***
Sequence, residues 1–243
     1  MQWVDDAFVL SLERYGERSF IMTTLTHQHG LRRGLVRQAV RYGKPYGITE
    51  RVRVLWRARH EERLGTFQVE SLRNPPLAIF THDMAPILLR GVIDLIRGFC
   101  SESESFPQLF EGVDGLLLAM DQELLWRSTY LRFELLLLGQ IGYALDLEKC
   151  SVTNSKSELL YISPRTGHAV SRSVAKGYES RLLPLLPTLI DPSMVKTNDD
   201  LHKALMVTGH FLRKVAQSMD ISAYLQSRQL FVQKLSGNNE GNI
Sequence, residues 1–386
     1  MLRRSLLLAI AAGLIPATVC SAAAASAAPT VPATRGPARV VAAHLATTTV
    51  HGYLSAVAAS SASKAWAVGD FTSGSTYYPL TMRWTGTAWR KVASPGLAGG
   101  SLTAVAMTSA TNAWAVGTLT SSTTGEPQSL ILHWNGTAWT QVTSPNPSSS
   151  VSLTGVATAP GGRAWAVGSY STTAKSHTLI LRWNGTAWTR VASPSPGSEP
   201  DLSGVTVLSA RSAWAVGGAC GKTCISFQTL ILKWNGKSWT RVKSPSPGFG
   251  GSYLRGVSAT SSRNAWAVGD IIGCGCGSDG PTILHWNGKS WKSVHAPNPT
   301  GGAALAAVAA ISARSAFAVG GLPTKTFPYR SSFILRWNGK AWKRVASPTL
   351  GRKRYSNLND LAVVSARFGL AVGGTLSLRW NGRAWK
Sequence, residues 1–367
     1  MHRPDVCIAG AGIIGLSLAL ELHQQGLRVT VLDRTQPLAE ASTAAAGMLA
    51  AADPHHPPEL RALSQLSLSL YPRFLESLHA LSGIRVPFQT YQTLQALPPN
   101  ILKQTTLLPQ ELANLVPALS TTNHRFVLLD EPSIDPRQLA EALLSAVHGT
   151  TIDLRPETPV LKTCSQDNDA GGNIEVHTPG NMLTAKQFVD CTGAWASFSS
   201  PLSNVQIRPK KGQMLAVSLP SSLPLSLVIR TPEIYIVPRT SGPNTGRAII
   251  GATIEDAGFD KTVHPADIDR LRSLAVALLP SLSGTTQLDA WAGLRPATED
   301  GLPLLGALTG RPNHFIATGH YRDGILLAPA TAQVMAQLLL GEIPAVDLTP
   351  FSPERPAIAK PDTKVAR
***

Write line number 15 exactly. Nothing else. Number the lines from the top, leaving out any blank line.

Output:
   351  GRKRYSNLND LAVVSARFGL AVGGTLSLRW NGRAWK